Today is a good day, Today I write to you about the latest credit card we paid off! Our USAA $6,000 limit (USAA 6K) MasterCard finally bit the dust. Now the method I used may be somewhat controversial to most of you and it wasn’t an easy decision to make. However, I knew my decision has to be based upon facts and mathematics and not emotions. We used my daughter, Natalie’s 529 College Savings Fund to do it. What?!!!! I know most of you must think I have lost my mind. Let me explain.
Last week or so, I was looking over our debt and budget. I then decided to look at the small amount of investments that we have. Looking at Natalie’s 529 college savings fund I noticed that of the $5568.86 balance, I had contributed $4750.00 of after tax money. So it had only made $818.86 over 9 years. This equates to approximately $91.00 a year or $7.58 a month. That is roughly 1.6% interest a year. I consider that a horrible investment. Now lets take a look at our USAA $6K MasterCard.
Our MasterCard had a balance of $5233.84 at 11.9% interest. Our minimum payment was $105.00 a month and we were being charge almost $60.00 a month in interest. Now my thought process at that time was to use the money in the 529 fund so we could pay off the balance and save almost $60.00 a month in interest and have $105.00 a month that we could use to pay on another debt. Mathematically speaking, this was very good financial decision.
Looking at this emotionally, was I robbing my daughter of her future education? Was I stealing from her? At first, my wife, Ruby, did not like my proposal. After we sat down and talk about it as a team we realized that the math did not lie and it was indeed a smart financial decision. We figure that since by being in the debt that we are, it was not smart to make any contributions to her college fund. Besides, the money invested would not be doing her any good right now anyway and it would really help us out. This is the plan we came up with and executed.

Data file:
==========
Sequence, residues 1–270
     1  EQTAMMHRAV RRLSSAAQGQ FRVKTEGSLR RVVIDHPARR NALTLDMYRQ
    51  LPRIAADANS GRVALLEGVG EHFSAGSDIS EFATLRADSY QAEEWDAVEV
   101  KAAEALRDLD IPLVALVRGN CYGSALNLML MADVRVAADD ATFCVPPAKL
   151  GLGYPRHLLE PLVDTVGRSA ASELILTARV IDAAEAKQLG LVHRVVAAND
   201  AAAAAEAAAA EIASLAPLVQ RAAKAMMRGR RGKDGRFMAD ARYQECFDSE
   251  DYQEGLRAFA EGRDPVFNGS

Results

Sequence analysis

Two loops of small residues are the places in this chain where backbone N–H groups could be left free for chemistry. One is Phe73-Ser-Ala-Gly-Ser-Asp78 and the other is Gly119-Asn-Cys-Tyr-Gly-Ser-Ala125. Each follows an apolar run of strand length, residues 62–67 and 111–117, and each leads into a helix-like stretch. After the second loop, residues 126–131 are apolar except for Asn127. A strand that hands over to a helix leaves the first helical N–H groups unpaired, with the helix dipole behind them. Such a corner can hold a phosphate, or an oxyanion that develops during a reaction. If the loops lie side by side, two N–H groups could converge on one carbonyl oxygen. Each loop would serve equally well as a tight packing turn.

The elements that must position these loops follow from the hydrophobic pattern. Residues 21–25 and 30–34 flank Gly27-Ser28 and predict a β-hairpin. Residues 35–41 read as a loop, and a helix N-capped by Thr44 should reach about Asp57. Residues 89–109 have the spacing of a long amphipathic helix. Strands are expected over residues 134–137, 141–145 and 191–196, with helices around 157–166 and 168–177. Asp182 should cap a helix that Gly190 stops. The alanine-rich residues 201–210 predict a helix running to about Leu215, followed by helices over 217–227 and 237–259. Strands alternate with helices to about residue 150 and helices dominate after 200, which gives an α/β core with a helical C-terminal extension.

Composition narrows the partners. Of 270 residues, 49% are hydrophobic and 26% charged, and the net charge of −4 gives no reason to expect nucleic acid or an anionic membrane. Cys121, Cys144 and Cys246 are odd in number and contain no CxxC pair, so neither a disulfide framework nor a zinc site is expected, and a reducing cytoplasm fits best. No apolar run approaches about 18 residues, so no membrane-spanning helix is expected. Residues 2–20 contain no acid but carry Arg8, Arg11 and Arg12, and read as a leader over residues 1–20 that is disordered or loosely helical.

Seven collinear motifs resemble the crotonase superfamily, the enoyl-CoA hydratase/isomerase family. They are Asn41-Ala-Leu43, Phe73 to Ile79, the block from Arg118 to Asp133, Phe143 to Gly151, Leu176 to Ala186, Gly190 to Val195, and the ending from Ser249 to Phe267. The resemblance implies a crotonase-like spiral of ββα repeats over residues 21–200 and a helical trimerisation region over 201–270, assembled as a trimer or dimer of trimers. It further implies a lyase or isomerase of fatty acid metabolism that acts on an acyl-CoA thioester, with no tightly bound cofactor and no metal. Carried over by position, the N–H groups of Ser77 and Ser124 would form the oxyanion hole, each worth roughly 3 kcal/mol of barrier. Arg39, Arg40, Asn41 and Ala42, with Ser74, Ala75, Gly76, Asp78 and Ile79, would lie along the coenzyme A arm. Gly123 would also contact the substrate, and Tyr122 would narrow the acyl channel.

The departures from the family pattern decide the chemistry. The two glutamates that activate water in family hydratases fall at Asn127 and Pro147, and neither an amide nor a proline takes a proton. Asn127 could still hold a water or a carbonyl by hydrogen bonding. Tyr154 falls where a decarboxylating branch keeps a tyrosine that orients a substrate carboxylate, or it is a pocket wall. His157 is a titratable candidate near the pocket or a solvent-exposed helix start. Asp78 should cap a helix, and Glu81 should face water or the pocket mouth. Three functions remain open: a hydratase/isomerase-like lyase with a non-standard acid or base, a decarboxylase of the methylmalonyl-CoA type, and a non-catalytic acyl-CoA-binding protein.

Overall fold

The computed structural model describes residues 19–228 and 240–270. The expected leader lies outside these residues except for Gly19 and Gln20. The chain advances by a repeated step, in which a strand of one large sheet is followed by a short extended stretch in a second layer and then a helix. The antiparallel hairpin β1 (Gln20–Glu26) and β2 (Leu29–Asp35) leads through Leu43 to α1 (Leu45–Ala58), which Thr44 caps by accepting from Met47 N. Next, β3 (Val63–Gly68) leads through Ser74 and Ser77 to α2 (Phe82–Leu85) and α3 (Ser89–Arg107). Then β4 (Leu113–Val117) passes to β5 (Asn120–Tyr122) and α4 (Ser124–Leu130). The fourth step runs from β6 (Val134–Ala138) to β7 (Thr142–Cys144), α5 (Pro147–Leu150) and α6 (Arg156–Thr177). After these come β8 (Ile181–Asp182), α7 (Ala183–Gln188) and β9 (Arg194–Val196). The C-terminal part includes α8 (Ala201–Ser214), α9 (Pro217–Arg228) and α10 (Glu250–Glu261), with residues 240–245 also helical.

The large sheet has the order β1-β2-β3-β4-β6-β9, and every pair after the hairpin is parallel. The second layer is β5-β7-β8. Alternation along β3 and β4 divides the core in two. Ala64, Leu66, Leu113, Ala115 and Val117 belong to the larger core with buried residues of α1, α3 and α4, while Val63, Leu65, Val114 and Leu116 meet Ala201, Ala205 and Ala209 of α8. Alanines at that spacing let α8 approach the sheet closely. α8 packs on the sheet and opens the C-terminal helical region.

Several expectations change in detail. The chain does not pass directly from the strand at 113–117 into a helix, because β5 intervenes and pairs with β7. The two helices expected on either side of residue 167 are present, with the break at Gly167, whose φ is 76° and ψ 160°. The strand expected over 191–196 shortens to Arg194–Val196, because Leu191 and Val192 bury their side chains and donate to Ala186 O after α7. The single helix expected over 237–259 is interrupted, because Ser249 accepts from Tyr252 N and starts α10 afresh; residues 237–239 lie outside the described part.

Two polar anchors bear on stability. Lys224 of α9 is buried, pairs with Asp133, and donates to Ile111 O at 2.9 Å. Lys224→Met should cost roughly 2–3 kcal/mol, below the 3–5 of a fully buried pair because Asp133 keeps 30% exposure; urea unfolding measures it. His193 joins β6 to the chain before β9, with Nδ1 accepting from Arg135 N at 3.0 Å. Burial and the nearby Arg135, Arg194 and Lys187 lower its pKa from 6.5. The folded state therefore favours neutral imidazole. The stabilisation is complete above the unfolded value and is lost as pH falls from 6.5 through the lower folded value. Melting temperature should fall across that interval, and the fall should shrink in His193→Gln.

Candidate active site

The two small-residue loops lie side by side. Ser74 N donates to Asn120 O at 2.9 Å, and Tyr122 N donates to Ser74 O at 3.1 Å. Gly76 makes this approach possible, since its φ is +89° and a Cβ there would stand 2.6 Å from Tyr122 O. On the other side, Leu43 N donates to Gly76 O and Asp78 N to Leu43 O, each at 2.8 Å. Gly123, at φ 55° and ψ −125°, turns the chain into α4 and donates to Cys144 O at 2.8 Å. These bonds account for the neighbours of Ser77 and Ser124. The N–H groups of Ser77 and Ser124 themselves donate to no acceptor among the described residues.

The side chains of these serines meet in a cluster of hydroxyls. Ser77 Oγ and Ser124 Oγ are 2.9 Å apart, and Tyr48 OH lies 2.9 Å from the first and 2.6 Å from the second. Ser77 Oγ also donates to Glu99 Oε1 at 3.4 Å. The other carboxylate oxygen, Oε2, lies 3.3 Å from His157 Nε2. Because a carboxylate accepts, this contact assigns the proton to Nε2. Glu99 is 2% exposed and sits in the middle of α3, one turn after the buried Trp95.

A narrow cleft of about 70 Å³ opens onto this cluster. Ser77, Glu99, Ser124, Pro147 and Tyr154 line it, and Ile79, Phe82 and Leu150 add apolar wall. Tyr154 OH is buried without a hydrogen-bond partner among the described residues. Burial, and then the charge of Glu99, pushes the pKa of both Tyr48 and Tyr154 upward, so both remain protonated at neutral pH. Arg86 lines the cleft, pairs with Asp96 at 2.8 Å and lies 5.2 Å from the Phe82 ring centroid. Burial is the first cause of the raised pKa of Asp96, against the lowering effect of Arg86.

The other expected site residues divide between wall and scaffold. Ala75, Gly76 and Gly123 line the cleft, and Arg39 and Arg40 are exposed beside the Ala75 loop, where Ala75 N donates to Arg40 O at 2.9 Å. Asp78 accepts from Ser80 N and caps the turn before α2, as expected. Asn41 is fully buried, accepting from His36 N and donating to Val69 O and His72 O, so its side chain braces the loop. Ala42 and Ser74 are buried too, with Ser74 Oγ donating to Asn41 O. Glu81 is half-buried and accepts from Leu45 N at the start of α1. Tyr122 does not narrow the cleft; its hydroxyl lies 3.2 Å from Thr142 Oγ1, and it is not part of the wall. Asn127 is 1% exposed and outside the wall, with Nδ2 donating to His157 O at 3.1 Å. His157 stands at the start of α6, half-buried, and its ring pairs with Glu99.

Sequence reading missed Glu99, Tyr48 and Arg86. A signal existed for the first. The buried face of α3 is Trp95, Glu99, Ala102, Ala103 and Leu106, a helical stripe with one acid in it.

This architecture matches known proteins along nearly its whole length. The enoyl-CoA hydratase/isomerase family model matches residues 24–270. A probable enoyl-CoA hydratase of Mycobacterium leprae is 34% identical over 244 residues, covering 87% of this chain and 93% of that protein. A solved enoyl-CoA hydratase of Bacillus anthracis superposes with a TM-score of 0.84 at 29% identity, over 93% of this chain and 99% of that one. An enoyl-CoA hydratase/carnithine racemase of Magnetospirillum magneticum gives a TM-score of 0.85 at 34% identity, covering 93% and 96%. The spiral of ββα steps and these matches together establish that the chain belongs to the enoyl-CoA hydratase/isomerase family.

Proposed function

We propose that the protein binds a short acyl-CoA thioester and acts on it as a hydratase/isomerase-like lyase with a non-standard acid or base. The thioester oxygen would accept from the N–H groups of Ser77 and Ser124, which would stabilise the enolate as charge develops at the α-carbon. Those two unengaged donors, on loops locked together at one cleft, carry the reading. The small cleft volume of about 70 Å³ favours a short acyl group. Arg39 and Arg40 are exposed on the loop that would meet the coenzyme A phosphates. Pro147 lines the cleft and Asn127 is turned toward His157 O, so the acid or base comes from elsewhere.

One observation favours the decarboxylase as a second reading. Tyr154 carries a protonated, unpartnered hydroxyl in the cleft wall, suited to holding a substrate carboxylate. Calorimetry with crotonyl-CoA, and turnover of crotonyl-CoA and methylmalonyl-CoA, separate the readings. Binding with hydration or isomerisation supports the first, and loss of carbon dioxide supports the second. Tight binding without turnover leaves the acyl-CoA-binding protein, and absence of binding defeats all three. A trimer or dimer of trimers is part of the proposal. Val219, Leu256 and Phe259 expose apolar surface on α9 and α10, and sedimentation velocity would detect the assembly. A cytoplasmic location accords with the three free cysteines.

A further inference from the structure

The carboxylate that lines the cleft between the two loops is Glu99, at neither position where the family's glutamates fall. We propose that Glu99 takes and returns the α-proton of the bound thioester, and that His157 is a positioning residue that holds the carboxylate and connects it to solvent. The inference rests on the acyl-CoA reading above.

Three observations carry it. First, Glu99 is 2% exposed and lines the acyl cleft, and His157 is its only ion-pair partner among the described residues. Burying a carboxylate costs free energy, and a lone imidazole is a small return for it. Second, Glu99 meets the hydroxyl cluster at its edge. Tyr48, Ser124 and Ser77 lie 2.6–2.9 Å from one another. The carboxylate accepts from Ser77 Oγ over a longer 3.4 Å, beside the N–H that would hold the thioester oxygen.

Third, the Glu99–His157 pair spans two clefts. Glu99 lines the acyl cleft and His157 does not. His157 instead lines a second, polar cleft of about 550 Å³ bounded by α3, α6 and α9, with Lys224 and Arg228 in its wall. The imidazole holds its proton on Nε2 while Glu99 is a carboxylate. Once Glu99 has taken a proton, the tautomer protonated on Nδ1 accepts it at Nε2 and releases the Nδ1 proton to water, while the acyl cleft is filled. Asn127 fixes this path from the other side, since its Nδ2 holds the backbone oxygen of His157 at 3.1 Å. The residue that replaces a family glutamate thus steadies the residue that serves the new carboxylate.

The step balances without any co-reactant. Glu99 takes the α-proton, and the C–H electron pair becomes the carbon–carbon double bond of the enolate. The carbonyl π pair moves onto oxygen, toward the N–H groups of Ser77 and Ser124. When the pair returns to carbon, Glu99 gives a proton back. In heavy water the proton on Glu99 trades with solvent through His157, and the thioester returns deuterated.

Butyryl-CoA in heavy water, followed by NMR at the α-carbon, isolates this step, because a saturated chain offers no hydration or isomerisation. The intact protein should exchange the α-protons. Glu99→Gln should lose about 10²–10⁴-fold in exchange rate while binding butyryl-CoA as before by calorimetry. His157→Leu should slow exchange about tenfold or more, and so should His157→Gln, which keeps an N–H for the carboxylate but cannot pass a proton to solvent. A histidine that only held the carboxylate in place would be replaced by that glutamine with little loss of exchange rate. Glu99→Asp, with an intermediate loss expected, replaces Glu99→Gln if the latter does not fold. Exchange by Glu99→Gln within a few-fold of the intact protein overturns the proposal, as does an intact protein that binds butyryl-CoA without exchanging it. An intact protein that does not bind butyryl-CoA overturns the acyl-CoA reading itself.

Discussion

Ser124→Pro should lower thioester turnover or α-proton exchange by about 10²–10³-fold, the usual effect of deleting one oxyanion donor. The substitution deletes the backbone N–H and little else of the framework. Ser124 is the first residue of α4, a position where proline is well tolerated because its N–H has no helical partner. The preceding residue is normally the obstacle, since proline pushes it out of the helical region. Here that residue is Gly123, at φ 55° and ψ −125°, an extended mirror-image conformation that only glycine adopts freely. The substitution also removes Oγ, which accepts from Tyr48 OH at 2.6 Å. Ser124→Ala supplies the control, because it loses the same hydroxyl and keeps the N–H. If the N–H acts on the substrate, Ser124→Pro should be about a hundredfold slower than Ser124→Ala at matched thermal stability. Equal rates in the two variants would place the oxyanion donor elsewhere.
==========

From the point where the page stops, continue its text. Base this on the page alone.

- Withdraw only the principal money from Natalie’s 529 account ($4750) and leave the remaining interest ($818.86) in the account to grow future interest, no matter how little it will make. By withdrawing only the after tax principal, we should be able to avoid paying any penalties. (Please check with your tax professional before making and financial transaction as we have)
- Take $483.84 from our monthly debt snowball and the principle from the 529 account ($4750) and pay off the USAA 6K credit card.
- Use the $105.00 a month saved from not having to make the payment on the credit card and apply to our debt snowball.
- Benefit from not being charged almost $60.00 a month in interest.
- Make future plans to make large contributions Natalie’s 529 account one we are debt free.
As of April 2012, we have paid off 34.12% of our total overall debt. We currently owe $47,170.22 in credit card debt. $29,263.96 of that debt is currently at 0% interest. We are trying to pay off as much as we can before the interest starts charging again. We currently have a total of $80,739.01 to pay before we are officially debt free. Seems like a lot until you see that we owed $122,554 back in August of 2011 when we started this journey.
How have you been doing on your debt free journey? What were your hits and misses? Any really good news to celebrate about? Let me know! I am interested…
To your financial health – Martilyo!
photo credit: Betts/Bloomberg